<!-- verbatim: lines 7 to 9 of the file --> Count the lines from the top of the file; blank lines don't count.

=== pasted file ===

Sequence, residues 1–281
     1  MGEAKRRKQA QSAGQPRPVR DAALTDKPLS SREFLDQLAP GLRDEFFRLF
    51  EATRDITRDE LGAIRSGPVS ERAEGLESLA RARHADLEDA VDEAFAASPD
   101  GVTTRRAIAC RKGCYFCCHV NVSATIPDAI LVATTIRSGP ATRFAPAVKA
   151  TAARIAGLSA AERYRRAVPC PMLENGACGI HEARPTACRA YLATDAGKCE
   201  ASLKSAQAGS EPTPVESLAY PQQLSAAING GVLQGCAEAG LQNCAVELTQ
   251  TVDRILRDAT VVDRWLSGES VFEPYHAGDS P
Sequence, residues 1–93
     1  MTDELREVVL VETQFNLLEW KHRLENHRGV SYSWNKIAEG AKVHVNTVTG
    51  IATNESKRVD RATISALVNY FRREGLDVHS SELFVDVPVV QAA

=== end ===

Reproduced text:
   251  TVDRILRDAT VVDRWLSGES VFEPYHAGDS P
Sequence, residues 1–93
     1  MTDELREVVL VETQFNLLEW KHRLENHRGV SYSWNKIAEG AKVHVNTVTG